“Throughout our interaction and investigation there we found the investigators had been trying to get evidence in favour of the accused and not in support of the victim,” said P.V. Surendranath, a Supreme Court senior advocate and member of the fact-finding team from Bhumi Adhikar Andolan (BAA), a collective of NGOs. BAA published the report ‘Divide and Rule in the Name of the Cow’ looking into various lynching cases. “They painstakingly took the investigation on a tangent to find evidence in favour of the accused,” he said.


Umar Khan was shot while transporting cows through Alwar district to Ghatmeeka village on the Rajasthan-Haryana border, according to the chargesheet. FactChecker spoke to the police and villagers in Marakpur, near where he was shot at; the latter claimed he was a smuggler who attacked them first, though his companion Javed Khan, who survived, denied this.


Umar Khan’s body was found on nearby train tracks later, and the police arrested eight men from Marakpur and the neighbouring Gahankar village. The BAA report flagged a number of issues–for instance, it said the FIR was lodged two days after the body was found and “only after the relative specifically lodg[ed] a complaint”.


Further, “despite the fact that the offence of murder was carried out by the members of an unlawful assembly with the intention to kill and by carrying, possessing and using dangerous weapons and means, the police have not added [the relevant sections] of IPC while registering the FIR”, the report said.


Umar’s local lawyer Kassim Khan said the eight men who were arrested and charged all got bail within a few months. “So somewhere there have been weaknesses in the prosecution’s case,” he told FactChecker.


In the case of Rakbar Khan, who was detained by villagers and arrested by the police, the police first made arrangements for the confiscated cows to be taken to a gaushala, or cow shelter, before taking an injured Khan to hospital. They even stopped for tea on the way–as per the chargesheet.


Khan died by the time they reached hospital. Later, one assistant sub-inspector, Mohan Singh, was suspended. “That was police negligence,” Kassim Khan, an advocate looking at his case, told FactChecker. Villagers said the three men charged for murder did not beat him, and that he died from police torture. The police rubbished these claims, saying Khan’s condition seemed alright, and there was no deliberate delay in taking him to hospital.


Victims were smugglers, say police


Victims in each of the four Alwar lynching cases have also been booked or charged under the Rajasthan Bovine Animal Act for smuggling cows.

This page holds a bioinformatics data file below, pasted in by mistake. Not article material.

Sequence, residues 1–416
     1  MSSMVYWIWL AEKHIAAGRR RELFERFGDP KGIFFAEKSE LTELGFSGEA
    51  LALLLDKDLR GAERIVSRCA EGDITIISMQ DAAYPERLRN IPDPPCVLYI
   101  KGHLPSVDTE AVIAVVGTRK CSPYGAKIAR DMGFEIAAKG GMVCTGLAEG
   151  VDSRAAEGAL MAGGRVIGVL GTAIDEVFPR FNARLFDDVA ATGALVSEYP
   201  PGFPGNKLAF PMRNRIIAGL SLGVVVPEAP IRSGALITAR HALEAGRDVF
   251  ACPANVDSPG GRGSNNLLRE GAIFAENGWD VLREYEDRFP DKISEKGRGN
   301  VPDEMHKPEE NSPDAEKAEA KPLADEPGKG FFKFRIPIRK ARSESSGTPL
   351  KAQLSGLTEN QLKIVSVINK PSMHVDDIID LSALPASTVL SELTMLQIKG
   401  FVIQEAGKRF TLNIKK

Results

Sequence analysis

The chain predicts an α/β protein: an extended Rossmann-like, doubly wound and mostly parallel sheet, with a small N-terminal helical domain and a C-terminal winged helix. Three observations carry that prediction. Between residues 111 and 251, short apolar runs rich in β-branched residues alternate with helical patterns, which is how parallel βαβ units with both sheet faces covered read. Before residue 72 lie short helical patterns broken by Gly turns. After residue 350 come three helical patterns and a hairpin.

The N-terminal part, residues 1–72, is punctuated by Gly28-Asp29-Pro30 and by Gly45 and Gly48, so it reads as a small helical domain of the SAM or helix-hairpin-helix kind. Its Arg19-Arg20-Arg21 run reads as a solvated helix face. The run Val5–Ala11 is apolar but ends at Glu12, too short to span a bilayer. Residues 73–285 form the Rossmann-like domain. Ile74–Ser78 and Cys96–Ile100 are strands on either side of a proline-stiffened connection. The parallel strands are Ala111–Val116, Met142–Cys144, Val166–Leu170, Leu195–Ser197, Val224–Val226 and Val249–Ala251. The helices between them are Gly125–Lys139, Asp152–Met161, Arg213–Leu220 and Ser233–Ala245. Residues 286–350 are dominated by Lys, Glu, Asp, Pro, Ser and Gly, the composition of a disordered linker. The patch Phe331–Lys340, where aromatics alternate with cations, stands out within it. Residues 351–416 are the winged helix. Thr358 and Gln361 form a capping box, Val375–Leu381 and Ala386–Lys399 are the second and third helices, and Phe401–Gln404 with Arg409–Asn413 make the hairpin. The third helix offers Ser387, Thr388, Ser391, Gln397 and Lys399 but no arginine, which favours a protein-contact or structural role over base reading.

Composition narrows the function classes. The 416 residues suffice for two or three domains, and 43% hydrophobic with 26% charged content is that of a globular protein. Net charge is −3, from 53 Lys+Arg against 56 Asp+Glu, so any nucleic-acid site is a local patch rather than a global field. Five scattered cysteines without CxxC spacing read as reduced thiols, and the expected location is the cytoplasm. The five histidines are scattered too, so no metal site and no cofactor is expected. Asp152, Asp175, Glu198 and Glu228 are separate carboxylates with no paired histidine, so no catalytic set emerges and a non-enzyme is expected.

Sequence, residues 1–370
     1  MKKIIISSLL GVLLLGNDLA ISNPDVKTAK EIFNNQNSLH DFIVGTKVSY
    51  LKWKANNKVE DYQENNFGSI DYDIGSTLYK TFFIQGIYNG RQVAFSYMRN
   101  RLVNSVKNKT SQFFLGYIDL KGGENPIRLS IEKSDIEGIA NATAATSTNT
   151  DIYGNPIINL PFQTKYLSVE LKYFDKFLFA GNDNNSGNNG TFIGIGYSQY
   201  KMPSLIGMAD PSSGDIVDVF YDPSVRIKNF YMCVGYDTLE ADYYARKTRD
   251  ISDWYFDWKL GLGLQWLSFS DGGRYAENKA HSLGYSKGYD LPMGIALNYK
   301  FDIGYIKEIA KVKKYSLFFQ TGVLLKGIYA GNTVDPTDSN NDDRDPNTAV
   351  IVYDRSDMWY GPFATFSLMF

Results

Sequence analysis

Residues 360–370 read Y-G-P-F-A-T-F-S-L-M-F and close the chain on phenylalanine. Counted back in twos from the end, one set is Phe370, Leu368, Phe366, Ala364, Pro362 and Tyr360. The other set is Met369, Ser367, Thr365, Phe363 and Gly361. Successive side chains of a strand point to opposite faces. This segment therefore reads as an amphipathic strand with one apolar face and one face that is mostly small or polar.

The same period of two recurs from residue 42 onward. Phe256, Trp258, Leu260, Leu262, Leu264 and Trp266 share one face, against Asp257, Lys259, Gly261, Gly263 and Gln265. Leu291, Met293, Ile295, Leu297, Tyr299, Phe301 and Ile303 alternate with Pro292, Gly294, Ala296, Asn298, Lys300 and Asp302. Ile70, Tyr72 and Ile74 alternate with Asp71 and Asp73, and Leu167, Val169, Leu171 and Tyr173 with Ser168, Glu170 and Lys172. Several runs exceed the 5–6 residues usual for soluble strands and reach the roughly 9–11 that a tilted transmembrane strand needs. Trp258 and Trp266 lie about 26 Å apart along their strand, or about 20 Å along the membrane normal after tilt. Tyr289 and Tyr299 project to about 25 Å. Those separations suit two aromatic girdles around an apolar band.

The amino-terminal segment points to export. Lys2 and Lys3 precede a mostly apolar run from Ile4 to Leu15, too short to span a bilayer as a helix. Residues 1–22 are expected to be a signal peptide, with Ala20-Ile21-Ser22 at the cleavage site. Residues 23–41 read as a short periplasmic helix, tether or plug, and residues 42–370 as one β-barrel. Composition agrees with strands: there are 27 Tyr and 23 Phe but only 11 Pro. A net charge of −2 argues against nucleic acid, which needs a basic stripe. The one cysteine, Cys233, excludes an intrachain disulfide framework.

Each of the lynching cases took place at night, lending credence to the suspicion that these men were engaging in an illegal activity.


Those booked for smuggling say the cases are false, aimed at harassing them and affecting their livelihood.


Pehlu Khan’s son Irshad has submitted documents from the Jaipur cattle fair to show their cows had been purchased legally for Rs 75,000.


In the case of Rakbar Khan, Naugaon police pointed to an old smuggling case from 2014, whose FIR said he and another man were caught taking two cows by foot across the border with Haryana for slaughter. They were subsequently charged for smuggling.


Akbar Khan, Rakbar’s brother-in-law, said that was a false case. “The police asked for Rs 30,000 but he could not pay that much so they filed a false case against him,” he said. He claimed that this was a police racket and that they demanded money to let him go through the area even though he was not smuggling cows. Akbar said since he could not pay, they filed the false case.


Umar Khan’s companions were booked and later charged with smuggling on the night of the attack, before Umar’s body was recovered. Villagers said the route was known for smuggling, and that the men had fired at them first. Javed Khan, Umar’s companion, denied wrongdoing and claimed the papers they were carrying were destroyed during the attack.


In Umar’s village, Ghatmeeka, residents said they have been maligned by the police as smugglers. “Prejudice and clear bias and religious profiling have led to numerous false cases being filed against dairy farmers as cow smugglers and causing systematic harassment,” the BAA report on lynchings said.